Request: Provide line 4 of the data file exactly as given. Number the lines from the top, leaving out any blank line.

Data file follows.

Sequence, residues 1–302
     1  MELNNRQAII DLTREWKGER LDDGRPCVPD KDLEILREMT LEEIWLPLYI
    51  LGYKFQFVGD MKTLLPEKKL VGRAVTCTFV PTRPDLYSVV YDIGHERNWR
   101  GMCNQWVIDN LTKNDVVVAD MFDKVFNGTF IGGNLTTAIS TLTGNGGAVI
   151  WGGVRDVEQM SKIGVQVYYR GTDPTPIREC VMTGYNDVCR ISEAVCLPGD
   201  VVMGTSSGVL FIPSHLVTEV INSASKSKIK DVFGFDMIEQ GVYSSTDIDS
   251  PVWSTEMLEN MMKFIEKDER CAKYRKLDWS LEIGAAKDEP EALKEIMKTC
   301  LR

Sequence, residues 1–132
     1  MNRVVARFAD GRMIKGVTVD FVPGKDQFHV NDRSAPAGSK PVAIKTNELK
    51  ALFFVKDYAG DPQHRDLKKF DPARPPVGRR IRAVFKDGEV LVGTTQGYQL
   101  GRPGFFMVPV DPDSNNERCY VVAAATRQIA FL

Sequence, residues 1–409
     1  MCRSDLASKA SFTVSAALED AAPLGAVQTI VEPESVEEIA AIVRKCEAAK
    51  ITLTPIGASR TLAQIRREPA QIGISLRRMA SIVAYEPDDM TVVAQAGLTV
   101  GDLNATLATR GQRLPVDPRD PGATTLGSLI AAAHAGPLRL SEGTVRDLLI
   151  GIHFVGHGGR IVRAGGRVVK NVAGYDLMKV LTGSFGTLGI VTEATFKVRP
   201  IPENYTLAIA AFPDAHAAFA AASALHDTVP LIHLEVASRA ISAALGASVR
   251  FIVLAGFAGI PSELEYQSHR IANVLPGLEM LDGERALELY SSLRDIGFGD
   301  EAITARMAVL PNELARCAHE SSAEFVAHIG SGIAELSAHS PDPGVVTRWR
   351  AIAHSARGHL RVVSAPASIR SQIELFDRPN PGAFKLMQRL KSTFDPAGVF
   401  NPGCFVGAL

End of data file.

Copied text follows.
   101  GMCNQWVIDN LTKNDVVVAD MFDKVFNGTF IGGNLTTAIS TLTGNGGAVI